Opening day of baseball is one of my favorite days. My Fantasy teams (all three) are ready to rock. The Cubs are still contenders and life is great. But this opener is more special than ever, Granny and I are on our way to Madagascar to celebrate our 20th anniversary. How did she do it!
Yes indeed this is a fishing trip. Is there anything else? We chose Madagascar because from what I saw on web images, there are some of the most exotic looking palm covered beaches I’ve ever seen. Furthermore and most important, I Google Earthed the place and noted that the surrounding waters look to consist of flats, coral reef, channels and plenty of blue water. It looks absolutely incredible for fly fishing! And being that this tropical island is less than 1000 miles from the ever so famous saltwater fly fishing waters of the Seychelles, this could be epic!
If we travel this far, why not just go to the Seychelles? Well, it’s as simple. The Seychelles fishing packages are super expensive and winging it like Granny and I often do, is next to impossible. Madagascar however is cheap and it appears you can wing it. So off we go.
The bad news is however, research on the internet has not been all that promising. Although the blue water fishing for marlin is first class, the inshore fisheries where we can fish on our own may be dismal. The only reports we found (and very few) were that all water you can walk to has been virtually fished out. Not good news for us. However, we aren’t scared. Sometimes places get bad rap from anglers just because they don’t have the “popular game fish” such as bonefish. It can be like; an angler says his fishing stinks near his home because there’s no trout. Yet this very angler has a trophy bass lake a block from his house. Anglers can be pretty stupid sometimes.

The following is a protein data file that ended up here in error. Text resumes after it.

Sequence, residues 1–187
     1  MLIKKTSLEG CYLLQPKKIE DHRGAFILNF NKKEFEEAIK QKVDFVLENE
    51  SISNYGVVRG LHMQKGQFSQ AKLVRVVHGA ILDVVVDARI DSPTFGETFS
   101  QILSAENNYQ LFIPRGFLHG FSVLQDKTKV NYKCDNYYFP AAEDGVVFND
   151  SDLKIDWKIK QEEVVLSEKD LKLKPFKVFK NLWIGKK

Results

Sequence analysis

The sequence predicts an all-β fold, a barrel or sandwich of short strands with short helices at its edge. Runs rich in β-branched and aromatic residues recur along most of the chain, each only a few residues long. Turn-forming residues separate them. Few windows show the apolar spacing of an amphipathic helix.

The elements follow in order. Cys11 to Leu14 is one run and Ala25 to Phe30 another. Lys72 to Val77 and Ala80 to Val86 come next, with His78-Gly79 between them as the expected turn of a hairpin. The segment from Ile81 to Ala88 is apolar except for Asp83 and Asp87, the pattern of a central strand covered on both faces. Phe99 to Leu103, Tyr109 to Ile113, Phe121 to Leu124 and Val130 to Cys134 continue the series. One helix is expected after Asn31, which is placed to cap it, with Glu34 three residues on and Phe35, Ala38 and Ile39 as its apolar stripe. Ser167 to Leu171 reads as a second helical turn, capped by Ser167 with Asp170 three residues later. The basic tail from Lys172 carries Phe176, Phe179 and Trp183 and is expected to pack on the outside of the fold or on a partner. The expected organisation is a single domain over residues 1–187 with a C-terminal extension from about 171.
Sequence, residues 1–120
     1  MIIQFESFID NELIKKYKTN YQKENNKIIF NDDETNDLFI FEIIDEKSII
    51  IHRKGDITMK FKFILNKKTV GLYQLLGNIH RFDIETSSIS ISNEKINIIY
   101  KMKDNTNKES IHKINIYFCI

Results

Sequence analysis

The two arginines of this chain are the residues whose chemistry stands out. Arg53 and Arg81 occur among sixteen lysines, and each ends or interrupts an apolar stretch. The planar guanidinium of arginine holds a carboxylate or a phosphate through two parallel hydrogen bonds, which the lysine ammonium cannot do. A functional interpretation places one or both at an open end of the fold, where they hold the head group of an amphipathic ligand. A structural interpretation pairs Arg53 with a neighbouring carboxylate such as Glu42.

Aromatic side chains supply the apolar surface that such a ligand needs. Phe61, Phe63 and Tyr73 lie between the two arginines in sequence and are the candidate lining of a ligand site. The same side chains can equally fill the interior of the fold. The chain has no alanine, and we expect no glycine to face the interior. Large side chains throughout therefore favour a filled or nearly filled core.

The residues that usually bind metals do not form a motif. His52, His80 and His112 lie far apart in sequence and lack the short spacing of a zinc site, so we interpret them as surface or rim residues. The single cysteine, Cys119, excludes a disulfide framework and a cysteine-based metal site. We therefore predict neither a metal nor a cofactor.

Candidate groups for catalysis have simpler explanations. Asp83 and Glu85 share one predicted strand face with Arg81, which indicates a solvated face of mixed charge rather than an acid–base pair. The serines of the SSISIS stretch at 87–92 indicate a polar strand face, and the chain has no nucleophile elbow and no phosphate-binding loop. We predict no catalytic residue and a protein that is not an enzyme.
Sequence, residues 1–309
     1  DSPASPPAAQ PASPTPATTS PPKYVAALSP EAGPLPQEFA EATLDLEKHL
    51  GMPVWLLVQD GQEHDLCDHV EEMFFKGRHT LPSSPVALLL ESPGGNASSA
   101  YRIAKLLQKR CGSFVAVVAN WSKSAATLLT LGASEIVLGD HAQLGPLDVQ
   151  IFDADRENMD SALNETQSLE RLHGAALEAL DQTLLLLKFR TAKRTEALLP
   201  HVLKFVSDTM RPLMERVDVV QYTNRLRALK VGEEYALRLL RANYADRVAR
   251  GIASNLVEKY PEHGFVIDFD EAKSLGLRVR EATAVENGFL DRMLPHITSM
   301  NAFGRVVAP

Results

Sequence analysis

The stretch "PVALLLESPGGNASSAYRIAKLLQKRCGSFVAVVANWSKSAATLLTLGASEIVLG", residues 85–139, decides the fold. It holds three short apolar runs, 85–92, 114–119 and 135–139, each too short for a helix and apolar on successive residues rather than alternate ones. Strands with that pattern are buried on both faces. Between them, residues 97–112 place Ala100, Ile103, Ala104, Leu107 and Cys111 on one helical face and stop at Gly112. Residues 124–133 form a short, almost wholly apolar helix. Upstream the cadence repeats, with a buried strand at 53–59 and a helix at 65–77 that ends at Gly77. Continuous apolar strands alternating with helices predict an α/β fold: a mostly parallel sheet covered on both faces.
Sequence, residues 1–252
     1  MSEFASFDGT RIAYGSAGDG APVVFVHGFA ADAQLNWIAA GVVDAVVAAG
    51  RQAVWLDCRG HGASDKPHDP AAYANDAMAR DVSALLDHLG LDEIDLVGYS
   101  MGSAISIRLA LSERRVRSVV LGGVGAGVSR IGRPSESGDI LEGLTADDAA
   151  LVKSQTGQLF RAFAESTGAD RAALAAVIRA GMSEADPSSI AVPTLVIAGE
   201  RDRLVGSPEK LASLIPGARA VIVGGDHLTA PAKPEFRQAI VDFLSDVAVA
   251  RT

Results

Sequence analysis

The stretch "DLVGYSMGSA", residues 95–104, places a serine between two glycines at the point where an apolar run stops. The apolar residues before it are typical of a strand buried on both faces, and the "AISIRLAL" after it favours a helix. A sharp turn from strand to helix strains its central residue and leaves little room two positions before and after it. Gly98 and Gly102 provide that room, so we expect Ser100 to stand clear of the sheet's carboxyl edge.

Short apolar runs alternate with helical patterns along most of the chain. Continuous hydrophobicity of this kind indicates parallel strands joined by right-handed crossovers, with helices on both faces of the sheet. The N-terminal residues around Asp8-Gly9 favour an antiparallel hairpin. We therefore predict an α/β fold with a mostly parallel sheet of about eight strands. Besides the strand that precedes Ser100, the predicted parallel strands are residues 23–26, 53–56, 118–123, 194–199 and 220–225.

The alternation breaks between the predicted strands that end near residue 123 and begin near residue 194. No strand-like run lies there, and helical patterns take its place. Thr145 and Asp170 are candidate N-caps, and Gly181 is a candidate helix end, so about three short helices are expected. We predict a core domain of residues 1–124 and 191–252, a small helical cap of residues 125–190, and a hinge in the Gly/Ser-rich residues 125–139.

We’ll see. I’m not too worried about catching some fish and having a great time. Our goals are feasible. Granny and I both need to see that famous cool-as-heck-rotating-eyed Chameleon. We’d like to see some lemurs. And if we’re lucky some bad-ass snakes. We also need to get some rest. A winter of constant work, shows, travel and a postponed Brazil trip have taken its toll.
Most important to me however, I want to catch five new species on the fly. I’d love one of them to be a milkfish, an Indian Ocean triggerfish or a dogtooth tuna. The other four species can be anything cool from a small colorful grouper to a new trevally species. I’d also like to get some killer photos and come home with another great PowerPoint presentation to take on the road with me next season. That’s about it.
Granny and I said goodbye to the snow at 4 AM this morning. We drove over Teton Pass and flew from Jackson, Wyoming to Salt Lake City and now we are headed to Atlanta. We have a four hour layover and tonight we board the 15 hour flight to Johannesburg, South Africa. We will overnight in Joburg then Saturday fly to Nose Be, Madagascar which is a small island on the North West side of the main island of Madagascar. From there the plan is to catch a boat for a tiny island called Sakatia and there’s a bed and breakfast type place that we will base out of for a week. From there we plan to head to the mainland and take in a National Park. Then to an island of Madagascar’s east side called Isle St. Marie. Whether I have internet access along the way is unknown. However, stay tuned. I will write about every day of the trip and post them when I can. Like other journeys that many of you have followed before, every day will e accounted for even if I have to post some when I get home.
The “Currier’s Blog” is back on track!


Welcome to the Blog of Jeff Currier!

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I started fly fishing at age 7 in the lakes and ponds of New England cutting my teeth on various sunfish, bass, crappie and stocked trout. I went to Northland College in Ashland, Wisconsin, where I graduated with a Naturalist Degree while I discovered new fishing opportunities for pike, muskellunge, walleyes and various salmonids found in Lake Superior and its tributaries.

From there I headed west to work a few years in the Yellowstone region to simply work as much as most people fish and fish as much as most people work. I did just that, only it lasted over 20 years working at the Jack Dennis Fly Shop in Jackson, WY where I departed in 2009. Now it’s time to work for "The Man", working for myself that is.

I pursue my love to paint fish, lecture on every aspect of fly fishing you can imagine and host a few trips to some of the most exotic places you can think of. My ultimate goal is to catch as many species of fish on fly possible from freshwater to saltwater, throughout the world. I presently have taken over 440 species from over 60 countries!